While the result produced in figure 18 is not contradicting previous results of the analysis, it lacks the dynamic structures and nuanced relationships Restrictive clausesthat manifest on the runic artefacts .[/annotax] Studying these artefacts as part text and part artefact can benefit in the study of actual human relationships behind the artefacts, something that archaeology can only hope of doing, since archaeological materials sometimes appear silent (Jesch 1991:42). Based on this conclusion, an archaeologist should not simply overlook the fact that there is actual contemporary evidence that can tell scholars about the people behind the artefacts who used them and made them, on the basis that the information happens to be transmitted in text. With hopes for the future regarding similar research, I leave the word to Cathy Lynne Costin:
Yet we should not read cautions about the limitations of gender attribution as justification to shun gender attribution altogether. Gender is a major structuring principle in social life, and our engendered past must make use of this concept to understand social process and social change in ways analogous to ways we use class and social status. Thus, while we might successfully explore gender theory and gender relations without associating specific genders with particular features in some contexts, I suggest it is more critical to make specific gender attributions in others. In fact, there are important anthropological questions that likely can only be addressed if one is able to ascribe gender with a relatively high degree of explicitness and confidence. Studies of the division of labor and social relations of production constitute one such domain of inquiry. (Costin 1996:112)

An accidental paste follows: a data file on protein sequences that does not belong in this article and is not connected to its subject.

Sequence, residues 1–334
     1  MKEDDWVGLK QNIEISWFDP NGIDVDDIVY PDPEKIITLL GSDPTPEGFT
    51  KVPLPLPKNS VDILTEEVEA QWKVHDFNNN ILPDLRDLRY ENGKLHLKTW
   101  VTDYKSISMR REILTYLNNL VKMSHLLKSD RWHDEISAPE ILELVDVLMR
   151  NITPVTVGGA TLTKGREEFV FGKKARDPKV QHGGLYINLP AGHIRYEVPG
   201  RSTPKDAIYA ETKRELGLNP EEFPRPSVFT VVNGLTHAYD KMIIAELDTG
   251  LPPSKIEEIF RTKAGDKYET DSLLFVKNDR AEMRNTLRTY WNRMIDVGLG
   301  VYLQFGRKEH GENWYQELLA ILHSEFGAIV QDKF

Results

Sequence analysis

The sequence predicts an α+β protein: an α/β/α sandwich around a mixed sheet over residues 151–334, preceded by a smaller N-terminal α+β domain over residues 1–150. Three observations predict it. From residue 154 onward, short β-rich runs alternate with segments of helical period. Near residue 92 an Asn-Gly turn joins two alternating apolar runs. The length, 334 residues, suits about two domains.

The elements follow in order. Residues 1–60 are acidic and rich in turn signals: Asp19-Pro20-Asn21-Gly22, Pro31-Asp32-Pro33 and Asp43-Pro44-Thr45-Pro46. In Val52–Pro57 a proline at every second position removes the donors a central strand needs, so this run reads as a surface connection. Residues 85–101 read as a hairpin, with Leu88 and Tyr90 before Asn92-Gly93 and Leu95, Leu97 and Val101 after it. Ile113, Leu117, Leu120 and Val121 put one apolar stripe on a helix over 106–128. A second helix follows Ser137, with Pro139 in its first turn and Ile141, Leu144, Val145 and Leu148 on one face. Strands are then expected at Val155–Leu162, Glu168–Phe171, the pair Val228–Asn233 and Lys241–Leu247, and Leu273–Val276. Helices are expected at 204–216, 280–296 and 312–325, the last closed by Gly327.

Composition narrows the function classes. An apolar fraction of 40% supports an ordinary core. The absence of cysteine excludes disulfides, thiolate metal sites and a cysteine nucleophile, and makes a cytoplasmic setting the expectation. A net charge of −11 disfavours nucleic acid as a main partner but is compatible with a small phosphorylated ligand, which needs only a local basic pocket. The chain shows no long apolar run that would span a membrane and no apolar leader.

6. Further Work
This study should preferably be perceived as the humble beginning of future examinations of material of similar character. What remains to be done is plenty, especially in producing results to form a basis for comparison with the artefacts discussed here. One idea would be to study and quantify runic artefacts from the Middle Ages or the early Iron Age and compare them to the material described and analysed in this paper.
The aim of this paper is to examine a group of 59 Scandinavian artefacts carrying runic inscriptions dated to the Viking Age (800–1050 ). The analysis strives to determine which, if any, gender can be connected to the use of runes. The material is systematically divided into collections of inscriptions and types of artefacts, and then further subdivided into different types of text and artefacts. A combination of quantitative and qualitative methods are used and discussed throughout the analysis and in the result. Furthermore , contexts where runic artefacts appear are evaluated and examined. In addition , the paper treats how gender attributions have been performed in the field of archaeology. The analysis shows that runic artefacts are more common in female graves than in male graves during the Viking Age. It also shows that while there is little difference in the quantity of names, male names appear frequent as makers or carvers of artefacts while female names are more common as owners . It is proposed that a majority of tools for textile production with runic inscriptions can be ascribed to the female gender through presence of names or contexts.